LBBJ: Some of the other councilmembers hold regular community meetings. Is that something you have done or considered?


Mungo: Yes. The first year, I really focused on groups that had specific concerns that they wanted addressed immediately. We did meetings related to the speeding on Studebaker, we did meetings related to Heartwell Park issues. We did a first year of issue-based meetings. Year two . . . . We did a series of probably 30 neighborhood meetings in smaller groups throughout the district based on where people lived. We were able to discuss things that were very specific to them: their streets, their sidewalks, their tree trim cycle, their lighting, their alleys, their parks they are adjacent to. At that time was our first homeless count where we were seeing the real impact, so we were able to talk about direct services and opportunities for the community to partner in finding resources for the homeless crisis. And then year three, we took a lot of time to kind of mix between the two. We also did “coffee with the councilwoman,” where you could stop by Grounds on a Saturday and have hot cocoa and talk about anything.


LBBJ: Are you still doing things like this?


Mungo: I do those regularly, yes.


LBBJ: What’s the biggest lesson you have learned since being on the city council?


Mungo: Making change for your residents means uniting their voices and being persistent, providing the data necessary to convince your colleagues that what is in the best interest of the 5th can be in the best interest of the whole city. And it is a lot longer process than I would have initially thought. I have more than a decade of experience in local government, and the bureaucracy of the City of Long Beach was more bureaucratic than I would have initially thought in my experience dealing with them as a government to a government.


LBBJ: Criticisms from your challengers include that you don’t do a good job of representing 5th District constituents, and that you don’t take community input first before making a decision. How would you respond to those criticisms?


Mungo: Well, in my first three years, despite many communications to my challengers through knocking on doors and leaving mailers and putting information in local papers about community meetings, none of them had attended a community meeting. I think the first time I met one of my challengers was when the airport issue arose. And while big issues are always important, the council last year voted on I want to say 1,000 different agenda items. So it’s important to ensure that you’re getting information out regularly and consistently. I do a lot through neighborhood association leadership. And none of my challengers, until they became candidates, were really involved in their neighborhood associations.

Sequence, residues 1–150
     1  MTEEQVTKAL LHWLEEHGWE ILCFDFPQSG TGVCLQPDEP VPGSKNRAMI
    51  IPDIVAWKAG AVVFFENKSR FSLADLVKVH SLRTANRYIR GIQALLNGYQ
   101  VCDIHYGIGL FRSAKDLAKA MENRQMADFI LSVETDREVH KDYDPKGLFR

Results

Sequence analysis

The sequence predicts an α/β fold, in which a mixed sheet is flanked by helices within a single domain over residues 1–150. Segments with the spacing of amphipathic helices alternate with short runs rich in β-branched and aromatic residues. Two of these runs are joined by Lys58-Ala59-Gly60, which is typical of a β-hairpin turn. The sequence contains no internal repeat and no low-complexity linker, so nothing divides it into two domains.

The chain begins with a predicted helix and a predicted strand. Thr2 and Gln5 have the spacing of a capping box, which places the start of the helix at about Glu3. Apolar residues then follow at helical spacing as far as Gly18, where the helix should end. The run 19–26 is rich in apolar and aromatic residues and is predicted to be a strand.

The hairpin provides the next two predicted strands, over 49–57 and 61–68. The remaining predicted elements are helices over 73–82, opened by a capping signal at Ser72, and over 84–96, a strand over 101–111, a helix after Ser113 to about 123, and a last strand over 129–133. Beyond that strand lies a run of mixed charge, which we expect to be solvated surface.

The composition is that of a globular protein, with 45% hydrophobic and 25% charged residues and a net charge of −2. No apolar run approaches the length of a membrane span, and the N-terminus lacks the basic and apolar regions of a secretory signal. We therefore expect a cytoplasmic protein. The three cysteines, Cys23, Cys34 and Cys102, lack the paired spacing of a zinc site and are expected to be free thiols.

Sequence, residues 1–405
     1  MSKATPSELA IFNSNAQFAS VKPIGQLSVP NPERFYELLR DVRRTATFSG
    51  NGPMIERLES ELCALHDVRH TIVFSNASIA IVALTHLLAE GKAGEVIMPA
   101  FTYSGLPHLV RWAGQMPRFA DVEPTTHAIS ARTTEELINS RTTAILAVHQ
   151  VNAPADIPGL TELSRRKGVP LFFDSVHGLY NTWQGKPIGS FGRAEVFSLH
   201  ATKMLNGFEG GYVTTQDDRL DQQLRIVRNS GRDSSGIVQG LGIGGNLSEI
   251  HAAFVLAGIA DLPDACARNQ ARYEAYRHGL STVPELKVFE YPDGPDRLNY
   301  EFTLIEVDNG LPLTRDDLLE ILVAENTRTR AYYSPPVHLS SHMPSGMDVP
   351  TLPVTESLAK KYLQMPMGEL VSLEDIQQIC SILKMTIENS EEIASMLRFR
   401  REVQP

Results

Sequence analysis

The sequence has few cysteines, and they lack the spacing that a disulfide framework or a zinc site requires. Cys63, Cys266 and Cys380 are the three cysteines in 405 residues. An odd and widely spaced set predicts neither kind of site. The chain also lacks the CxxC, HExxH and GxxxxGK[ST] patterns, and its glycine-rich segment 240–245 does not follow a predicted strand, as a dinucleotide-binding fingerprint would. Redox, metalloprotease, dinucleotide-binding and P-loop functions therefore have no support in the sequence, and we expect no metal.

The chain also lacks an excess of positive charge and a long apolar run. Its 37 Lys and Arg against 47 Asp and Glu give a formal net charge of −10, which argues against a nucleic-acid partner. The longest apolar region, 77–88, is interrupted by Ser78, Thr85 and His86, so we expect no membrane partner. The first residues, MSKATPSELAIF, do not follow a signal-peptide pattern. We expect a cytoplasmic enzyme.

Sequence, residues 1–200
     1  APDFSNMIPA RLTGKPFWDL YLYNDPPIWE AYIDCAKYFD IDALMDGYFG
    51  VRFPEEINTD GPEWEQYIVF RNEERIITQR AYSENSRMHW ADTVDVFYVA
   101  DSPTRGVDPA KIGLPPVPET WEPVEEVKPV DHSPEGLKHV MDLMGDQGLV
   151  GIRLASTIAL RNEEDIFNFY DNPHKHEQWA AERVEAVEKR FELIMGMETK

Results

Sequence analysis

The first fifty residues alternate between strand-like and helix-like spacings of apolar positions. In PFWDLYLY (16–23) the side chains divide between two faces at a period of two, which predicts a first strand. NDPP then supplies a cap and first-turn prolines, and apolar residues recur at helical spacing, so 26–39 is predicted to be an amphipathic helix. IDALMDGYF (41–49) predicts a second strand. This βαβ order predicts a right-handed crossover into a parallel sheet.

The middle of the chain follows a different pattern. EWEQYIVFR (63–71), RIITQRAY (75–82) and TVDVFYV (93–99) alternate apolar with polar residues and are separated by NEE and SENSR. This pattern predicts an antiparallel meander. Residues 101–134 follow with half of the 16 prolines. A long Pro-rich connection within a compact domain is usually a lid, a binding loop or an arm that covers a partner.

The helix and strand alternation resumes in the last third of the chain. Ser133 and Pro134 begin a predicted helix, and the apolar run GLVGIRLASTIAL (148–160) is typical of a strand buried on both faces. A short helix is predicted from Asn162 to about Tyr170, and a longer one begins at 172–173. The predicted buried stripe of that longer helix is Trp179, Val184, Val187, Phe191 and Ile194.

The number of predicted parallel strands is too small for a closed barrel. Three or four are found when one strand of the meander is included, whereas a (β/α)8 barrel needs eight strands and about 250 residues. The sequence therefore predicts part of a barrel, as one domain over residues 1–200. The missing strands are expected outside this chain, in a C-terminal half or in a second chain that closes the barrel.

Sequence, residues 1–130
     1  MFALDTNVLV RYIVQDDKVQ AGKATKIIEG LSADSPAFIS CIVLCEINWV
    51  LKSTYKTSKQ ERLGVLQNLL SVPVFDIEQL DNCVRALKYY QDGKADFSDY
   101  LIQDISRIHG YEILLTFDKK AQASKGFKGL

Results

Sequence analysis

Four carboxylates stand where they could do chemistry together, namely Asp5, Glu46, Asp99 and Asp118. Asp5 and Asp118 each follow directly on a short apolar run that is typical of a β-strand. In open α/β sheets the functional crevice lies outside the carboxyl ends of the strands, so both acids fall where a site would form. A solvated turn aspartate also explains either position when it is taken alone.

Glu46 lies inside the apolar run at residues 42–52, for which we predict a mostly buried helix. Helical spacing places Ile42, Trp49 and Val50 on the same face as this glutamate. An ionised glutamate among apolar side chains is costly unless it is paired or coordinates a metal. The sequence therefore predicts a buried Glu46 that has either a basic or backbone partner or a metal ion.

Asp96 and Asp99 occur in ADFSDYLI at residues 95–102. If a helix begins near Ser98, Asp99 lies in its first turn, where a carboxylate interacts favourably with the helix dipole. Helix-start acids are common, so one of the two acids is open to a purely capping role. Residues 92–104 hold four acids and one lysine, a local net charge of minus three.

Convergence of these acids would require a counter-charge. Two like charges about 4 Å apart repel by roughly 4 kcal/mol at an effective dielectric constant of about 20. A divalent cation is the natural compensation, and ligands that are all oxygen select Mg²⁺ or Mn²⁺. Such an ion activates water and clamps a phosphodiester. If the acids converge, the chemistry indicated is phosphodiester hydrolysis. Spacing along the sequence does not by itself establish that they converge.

LBBJ: How would you respond to the bit about not taking community input before making decisions?


Mungo: The executive director of the Council of Neighborhood Organizations [Robert Fox] actually just came out publicly and stated that of councilmembers I am the most engaged, most in tune with my residents. He could not believe the detail and level of information that I had absorbed from listening to my neighbors. I know every corridor, most business owners [and] the vibe of the district because I really do at any time listen to residents.


LBBJ: One of them, referring to the airport, said that you had initially favored [international flights] and then changed your mind after you talked to more residents.


Mungo: With relation to the international terminal, I did dozens and dozens of community meetings in people’s backyards, at community centers. Anywhere that anyone had a question. We hosted multiple meetings at the airport. We brought city staff. Any neighborhood or neighbor that asked, we would have a meeting, whether it was in your living room, on your front yard, wherever. And at those meetings, I have always been clear that it was really important as a city that, before we come out for or against [something], we have all the information. . . .  You can’t say yes at the beginning of a process. But what you can say is, “I am always open to the process and let’s see where it goes. And let’s see what will come of it and let’s hear where the ideas are.”